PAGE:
Silicon Valley-based Design to Matter (D2M) is aiming to provide the legions of Instagram users with an alternative to viewing their shots on a phone, tablet or PC. The company's Instacube is an Android-powered digital photo frame to which users can wirelessly push their Instagram stream over Wi-Fi.

The device features a 6.5-inch touchscreen LCD display with a 600 x 600 pixel resolution to match the maximum resolution of Instagram images. Getting the unit to display your snaps is as easy as plugging it in, connecting to a wireless network and signing into your Instagram account using the onscreen keyboard.

Multiple users can push their streams to a single Instacube with switching between these accomplished by pushing one of the three tactile buttons on the top of the device. Another button turns the device on, while a love heart-shaped button lets users "Like" the photo being displayed.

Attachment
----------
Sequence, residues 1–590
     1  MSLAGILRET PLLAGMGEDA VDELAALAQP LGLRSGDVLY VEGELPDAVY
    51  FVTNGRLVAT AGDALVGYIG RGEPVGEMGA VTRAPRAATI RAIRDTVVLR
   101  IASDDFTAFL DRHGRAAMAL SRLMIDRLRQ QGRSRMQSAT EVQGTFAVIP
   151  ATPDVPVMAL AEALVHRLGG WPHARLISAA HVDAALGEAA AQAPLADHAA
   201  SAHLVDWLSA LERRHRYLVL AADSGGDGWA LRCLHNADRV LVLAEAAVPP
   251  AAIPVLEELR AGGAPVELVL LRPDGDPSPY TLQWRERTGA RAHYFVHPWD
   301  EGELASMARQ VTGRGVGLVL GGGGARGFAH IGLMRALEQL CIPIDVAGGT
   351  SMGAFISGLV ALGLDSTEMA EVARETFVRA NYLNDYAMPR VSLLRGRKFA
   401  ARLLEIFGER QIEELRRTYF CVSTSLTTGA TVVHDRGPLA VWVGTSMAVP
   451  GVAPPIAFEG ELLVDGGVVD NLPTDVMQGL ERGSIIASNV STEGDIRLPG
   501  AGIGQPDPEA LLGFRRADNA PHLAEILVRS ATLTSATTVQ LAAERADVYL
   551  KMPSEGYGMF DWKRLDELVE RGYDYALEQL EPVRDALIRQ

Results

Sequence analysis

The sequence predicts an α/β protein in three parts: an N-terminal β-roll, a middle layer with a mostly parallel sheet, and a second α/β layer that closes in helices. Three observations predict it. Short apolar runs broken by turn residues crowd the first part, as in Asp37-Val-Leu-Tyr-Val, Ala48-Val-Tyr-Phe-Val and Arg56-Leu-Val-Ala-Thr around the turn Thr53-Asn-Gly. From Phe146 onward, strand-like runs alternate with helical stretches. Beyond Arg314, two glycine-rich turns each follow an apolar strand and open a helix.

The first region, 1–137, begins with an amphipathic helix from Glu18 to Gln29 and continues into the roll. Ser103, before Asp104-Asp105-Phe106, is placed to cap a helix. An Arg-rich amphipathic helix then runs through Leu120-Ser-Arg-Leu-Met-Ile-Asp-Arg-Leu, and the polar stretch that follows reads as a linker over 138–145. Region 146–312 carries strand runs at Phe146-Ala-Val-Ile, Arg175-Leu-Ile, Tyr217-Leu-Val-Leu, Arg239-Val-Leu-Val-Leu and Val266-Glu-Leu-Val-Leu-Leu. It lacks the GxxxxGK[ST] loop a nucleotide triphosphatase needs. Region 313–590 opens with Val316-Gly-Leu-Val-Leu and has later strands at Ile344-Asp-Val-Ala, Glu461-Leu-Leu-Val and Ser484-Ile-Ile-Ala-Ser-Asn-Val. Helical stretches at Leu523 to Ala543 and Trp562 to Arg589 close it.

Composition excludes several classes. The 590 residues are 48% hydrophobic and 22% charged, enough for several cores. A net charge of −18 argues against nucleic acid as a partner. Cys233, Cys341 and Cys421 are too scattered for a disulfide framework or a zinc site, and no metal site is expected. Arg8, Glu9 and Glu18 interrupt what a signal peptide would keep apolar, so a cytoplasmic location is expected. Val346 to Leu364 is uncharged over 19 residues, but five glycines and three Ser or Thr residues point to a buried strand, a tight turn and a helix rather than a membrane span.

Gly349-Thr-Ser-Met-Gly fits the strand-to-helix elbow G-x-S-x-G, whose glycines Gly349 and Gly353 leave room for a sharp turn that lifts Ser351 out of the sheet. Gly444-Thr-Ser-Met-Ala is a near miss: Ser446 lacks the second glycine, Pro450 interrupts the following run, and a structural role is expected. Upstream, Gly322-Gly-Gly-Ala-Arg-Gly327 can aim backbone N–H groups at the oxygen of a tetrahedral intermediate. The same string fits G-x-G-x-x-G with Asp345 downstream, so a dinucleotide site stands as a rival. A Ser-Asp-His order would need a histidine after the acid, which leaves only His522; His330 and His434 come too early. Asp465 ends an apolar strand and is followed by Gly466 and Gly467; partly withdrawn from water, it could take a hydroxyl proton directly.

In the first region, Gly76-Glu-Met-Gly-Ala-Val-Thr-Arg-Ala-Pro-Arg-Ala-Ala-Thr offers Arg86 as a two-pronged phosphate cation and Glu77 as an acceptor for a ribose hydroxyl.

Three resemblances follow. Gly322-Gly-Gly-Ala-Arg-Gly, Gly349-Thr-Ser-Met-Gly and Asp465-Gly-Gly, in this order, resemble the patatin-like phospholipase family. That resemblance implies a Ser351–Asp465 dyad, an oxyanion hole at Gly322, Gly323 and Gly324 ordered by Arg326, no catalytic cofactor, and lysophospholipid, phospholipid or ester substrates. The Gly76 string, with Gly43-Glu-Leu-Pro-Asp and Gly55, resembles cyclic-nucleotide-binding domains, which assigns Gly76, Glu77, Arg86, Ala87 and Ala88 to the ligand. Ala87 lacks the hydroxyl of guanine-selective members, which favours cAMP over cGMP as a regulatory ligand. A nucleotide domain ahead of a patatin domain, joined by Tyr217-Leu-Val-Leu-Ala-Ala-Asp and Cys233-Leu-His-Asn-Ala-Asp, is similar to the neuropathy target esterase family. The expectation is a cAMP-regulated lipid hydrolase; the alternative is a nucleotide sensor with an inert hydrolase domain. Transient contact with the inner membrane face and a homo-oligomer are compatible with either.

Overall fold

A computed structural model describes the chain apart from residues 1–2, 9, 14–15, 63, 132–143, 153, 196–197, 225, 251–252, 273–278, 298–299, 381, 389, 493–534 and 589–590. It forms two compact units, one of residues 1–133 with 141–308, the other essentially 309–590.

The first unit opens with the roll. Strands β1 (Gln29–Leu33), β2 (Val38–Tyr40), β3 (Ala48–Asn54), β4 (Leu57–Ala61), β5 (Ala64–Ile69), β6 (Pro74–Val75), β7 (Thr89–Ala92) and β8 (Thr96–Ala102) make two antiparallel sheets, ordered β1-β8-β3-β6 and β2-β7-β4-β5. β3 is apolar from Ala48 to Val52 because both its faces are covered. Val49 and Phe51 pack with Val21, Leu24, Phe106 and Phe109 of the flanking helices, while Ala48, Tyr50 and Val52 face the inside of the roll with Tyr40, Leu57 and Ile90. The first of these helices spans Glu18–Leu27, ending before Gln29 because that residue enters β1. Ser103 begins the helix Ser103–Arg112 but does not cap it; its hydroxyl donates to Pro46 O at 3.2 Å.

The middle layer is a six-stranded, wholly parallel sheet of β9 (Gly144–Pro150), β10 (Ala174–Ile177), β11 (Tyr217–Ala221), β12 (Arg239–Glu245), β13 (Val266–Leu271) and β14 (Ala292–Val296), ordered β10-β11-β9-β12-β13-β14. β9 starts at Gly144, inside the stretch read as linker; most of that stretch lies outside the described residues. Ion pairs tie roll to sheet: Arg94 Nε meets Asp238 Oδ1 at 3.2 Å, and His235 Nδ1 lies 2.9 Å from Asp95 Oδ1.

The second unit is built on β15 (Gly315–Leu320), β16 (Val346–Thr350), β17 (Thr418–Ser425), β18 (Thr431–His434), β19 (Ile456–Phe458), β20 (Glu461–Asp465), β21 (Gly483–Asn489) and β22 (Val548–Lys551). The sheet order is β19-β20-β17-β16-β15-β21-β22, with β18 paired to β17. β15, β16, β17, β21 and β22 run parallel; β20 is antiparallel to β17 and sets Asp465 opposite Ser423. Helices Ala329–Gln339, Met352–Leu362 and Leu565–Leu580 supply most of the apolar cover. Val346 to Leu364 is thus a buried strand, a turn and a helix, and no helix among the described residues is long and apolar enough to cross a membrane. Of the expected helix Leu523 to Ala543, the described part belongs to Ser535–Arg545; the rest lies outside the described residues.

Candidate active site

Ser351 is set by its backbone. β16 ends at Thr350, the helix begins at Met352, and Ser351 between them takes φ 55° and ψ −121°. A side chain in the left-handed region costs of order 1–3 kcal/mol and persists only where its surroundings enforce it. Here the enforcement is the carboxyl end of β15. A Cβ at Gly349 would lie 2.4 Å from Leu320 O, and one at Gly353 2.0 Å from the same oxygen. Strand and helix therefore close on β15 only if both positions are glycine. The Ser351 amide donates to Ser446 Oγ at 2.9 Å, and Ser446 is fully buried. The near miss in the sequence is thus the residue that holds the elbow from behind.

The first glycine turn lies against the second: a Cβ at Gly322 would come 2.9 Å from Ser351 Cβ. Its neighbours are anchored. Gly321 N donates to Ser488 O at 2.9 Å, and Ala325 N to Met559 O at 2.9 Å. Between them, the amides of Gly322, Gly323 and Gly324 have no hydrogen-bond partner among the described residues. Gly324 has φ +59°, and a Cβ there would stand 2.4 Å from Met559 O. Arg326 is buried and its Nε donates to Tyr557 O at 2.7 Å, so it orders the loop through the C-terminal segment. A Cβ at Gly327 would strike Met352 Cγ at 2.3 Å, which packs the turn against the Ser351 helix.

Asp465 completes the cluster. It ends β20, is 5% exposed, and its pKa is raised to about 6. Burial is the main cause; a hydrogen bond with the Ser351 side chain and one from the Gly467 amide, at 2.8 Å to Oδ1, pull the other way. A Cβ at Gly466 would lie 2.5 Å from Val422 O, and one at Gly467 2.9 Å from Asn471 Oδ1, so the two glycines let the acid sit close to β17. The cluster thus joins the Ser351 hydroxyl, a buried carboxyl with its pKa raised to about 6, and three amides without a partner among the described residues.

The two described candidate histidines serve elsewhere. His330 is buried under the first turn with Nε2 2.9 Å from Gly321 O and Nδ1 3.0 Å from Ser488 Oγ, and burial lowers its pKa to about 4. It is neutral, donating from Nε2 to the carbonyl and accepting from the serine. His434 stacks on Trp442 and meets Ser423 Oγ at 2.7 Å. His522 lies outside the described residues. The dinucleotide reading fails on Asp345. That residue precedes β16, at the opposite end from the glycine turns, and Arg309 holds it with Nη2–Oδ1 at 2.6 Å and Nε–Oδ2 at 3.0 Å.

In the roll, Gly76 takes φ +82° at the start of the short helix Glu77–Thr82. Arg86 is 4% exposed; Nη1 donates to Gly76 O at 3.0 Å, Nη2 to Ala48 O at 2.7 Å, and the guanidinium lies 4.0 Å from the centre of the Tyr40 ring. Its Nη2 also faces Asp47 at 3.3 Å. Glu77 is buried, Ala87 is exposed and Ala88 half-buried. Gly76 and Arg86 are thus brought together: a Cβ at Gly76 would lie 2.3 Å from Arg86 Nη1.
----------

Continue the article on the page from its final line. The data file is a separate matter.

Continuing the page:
Built around Android, the Instacube's creators hope to add additional features and applications to the device in the future and say there's the possibility of opening it up to third party developers at some point.

The unit is truly portable – at least within the range of a Wi-Fi network – with a rechargeable lithium-ion battery providing the power and wireless connectivity over Wi-Fi b/g/n. It falls short of being a cube by one dimension, measuring 7.66 in (19.5 cm) high and wide and 2.5 in (6.4 cm) deep – although D2M says the dimensions may change when the unit goes into production.

The Instagram isn't a reality yet, but with over US$200,000 of the $250,000 Kickstarter campaign goal pledged with 28 days still to go, it's manufacture seems a foregone conclusion.

The $99 pledge level for a "Classic" Instacube has already been filled, leaving $149 as the cheapest pledge remaining to secure a unit.

Source: D2M via Kickstarter

Update (July 17, 2018): There are numerous messages on the Kickstarter campaign's comments page complaining of units not being delivered, refunds not being given and attempts to contact the company getting nowhere, so we'd urge extreme caution when dealing with this company.

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